Devaki with Krishna

Indian Krishna’s nativity was heralded by a star and he was born of the virgin Devaki. Krishna traveled widely, performing miracles such raising the dead, healing the sick and feeding the hungry. The crucified Krishna is pictured on the cross with arms extended. Pierced by an arrow while hanging on the cross, Krishna died, but descended into Hell from which He rose again on the third day and ascended into Heaven. Krishna is the second person of the Hindu trinity.

balder

At least one folk tale speaks of Balder having been conceived by Frigga magically/not by physical means.  Balder was the God of Light, Righteousness, bringer of a new era. Whether he was sacrificed or murdered is a matter of interpretation, but he, too, will come back from the Underworld to reign over a new world.

zarathustra2.jpg
(Zoroaster/Zarathustra)

The prophet Zoroaster was claimed to have been born of a virgin, as was Tibetan Indra, Baal of Phoenicia, Tammuz of Syria, Bali of Afghanistan, Esus of the Druids… I could list yet another dozen virginal births, but let’s keep it at these most obvious examples.

So, back to Pagans, often feminists, opposing everything to do with virgin births: The interpretation that no human woman can live up to the expectation of this kind of physical “purity” is mislead. These tales are less about physical purity or “sinful sexuality”. When I attended Christian Science services for a while they raised an interesting point. The Bible speaks of man having been created in the likeness of God. What is God? Spirit. No matter if in monotheism or polytheism Gods are known to be able to take shape or “manifest” but they are, ultimately, spirit/of the spiritual world.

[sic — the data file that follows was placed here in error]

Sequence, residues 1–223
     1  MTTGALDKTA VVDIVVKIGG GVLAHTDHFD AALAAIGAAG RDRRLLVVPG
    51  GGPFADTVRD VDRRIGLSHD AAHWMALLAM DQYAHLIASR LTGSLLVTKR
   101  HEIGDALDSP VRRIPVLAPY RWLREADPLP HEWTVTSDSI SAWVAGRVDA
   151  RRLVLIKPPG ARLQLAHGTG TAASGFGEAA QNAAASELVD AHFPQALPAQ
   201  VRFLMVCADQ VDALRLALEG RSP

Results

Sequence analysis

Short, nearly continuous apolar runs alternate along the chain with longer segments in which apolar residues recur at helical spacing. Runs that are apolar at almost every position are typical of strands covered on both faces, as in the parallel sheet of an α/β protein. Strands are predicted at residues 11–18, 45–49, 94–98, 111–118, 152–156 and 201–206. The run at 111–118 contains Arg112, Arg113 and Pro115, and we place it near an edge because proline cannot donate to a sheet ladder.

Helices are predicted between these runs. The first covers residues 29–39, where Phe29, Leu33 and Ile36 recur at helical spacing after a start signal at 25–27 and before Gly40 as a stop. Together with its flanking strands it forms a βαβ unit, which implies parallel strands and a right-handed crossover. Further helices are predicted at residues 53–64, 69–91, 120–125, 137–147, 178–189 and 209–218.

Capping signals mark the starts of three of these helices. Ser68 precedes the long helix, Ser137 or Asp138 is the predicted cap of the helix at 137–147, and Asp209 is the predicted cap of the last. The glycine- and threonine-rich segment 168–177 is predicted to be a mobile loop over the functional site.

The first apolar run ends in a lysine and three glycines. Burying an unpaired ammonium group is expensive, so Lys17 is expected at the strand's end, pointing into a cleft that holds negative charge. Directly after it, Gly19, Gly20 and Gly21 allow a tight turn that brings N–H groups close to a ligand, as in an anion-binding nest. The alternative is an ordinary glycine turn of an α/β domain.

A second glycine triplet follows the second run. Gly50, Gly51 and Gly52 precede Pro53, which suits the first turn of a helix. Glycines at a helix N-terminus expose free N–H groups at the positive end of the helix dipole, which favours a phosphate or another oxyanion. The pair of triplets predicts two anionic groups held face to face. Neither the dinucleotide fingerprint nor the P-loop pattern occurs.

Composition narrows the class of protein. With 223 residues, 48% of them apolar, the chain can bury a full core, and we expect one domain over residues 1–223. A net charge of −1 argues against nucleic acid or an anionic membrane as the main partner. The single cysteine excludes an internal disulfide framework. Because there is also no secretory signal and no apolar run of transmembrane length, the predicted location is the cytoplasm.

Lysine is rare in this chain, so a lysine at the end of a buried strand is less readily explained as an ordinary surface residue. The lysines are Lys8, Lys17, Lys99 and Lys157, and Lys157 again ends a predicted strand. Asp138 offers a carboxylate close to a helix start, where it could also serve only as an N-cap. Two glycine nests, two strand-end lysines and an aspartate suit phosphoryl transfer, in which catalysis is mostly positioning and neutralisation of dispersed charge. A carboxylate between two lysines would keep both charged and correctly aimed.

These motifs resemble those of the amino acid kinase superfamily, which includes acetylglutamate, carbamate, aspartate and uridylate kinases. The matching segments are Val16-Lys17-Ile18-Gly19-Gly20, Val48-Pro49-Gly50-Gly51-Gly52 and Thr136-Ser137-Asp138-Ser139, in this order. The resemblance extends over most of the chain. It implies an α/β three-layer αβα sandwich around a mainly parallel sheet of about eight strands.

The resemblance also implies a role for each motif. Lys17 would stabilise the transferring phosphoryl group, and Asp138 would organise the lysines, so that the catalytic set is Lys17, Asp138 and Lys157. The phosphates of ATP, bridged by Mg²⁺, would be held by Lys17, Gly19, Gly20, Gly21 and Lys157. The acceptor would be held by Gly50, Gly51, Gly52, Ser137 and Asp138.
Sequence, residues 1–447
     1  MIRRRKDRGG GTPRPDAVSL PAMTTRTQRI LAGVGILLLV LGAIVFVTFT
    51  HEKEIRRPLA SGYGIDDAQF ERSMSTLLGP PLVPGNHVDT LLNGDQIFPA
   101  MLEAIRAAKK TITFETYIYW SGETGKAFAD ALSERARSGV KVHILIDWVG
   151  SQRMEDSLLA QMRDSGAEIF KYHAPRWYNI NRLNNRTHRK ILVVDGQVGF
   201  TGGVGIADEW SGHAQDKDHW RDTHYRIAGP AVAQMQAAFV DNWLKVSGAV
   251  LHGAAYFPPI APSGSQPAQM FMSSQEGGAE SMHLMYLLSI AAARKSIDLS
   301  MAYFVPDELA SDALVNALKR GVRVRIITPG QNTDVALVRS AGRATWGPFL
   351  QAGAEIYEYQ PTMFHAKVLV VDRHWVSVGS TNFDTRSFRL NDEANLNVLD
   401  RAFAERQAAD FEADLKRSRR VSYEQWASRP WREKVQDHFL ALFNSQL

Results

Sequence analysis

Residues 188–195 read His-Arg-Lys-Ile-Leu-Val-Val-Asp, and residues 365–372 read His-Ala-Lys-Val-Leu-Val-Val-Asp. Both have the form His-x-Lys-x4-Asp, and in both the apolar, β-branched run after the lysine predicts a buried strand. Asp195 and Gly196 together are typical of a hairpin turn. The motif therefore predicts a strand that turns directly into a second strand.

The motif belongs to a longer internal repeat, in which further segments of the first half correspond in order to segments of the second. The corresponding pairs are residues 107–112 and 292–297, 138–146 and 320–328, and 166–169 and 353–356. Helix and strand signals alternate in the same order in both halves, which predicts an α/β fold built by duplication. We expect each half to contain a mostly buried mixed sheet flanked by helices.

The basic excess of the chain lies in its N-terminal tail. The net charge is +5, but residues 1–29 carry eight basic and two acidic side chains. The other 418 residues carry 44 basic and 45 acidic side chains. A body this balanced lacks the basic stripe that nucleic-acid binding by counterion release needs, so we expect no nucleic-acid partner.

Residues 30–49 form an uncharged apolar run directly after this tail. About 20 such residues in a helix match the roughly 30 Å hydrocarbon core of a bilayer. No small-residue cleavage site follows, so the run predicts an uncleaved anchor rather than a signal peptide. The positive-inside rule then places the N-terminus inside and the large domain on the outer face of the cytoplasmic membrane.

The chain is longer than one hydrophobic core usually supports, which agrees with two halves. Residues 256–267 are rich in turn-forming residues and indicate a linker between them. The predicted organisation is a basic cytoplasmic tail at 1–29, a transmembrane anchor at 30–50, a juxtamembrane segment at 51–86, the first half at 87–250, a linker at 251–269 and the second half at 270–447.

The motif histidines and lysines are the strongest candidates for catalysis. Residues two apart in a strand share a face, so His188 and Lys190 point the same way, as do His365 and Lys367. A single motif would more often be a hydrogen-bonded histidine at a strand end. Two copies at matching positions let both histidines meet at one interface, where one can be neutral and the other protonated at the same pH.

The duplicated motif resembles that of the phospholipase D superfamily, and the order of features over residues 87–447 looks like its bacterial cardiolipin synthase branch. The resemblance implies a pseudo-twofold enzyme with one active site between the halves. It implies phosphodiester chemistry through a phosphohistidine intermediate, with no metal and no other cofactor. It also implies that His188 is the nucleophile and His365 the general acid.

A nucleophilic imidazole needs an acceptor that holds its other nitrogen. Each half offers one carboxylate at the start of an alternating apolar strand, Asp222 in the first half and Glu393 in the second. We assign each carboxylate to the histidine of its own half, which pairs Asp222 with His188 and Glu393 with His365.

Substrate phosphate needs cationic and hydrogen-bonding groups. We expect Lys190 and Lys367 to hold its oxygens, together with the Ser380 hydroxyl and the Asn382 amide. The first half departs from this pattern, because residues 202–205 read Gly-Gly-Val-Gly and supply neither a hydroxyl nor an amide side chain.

dance3
The impregnation by “spirit” illustrates nicely mankinds spiritual heritage. Even in the case of human mothers the children of these virginal births were godly or (a) God, emphasizing the gnostic principle that if we are made in the  likeness of the divine and ARE like God(dess in essence, we are a part of the divine or basically the divine is in us as much as we are in it – one.
(Even Jesus claimed “I am in the father as the father is in me”, leading people to believe he was the “only begotten son of God” or “God in the flesh” instead of realizing that the same held true for them.)

If mankind lived by this principle, in the awareness that everyone is godly, including themselves, there would be no war, no murder, no fraud nor deception and no feeling of being better than anyone else. What war for monetary gain would be justified to be started if you knew what you are doing to another people will ultimately hurt yourself because you are all connected through the same source? (“Three times three”, “Do unto others…”, “golden rule”.)
While our human traits, talents, backgrounds all make us different individually and we are separated by different traditions and cultures (and hurray to that kind of diversity!), our spiritual traits all make us “the same” or equal. Virgin birth – basically a wonderfully comforting and liberating message of “As above, so below”.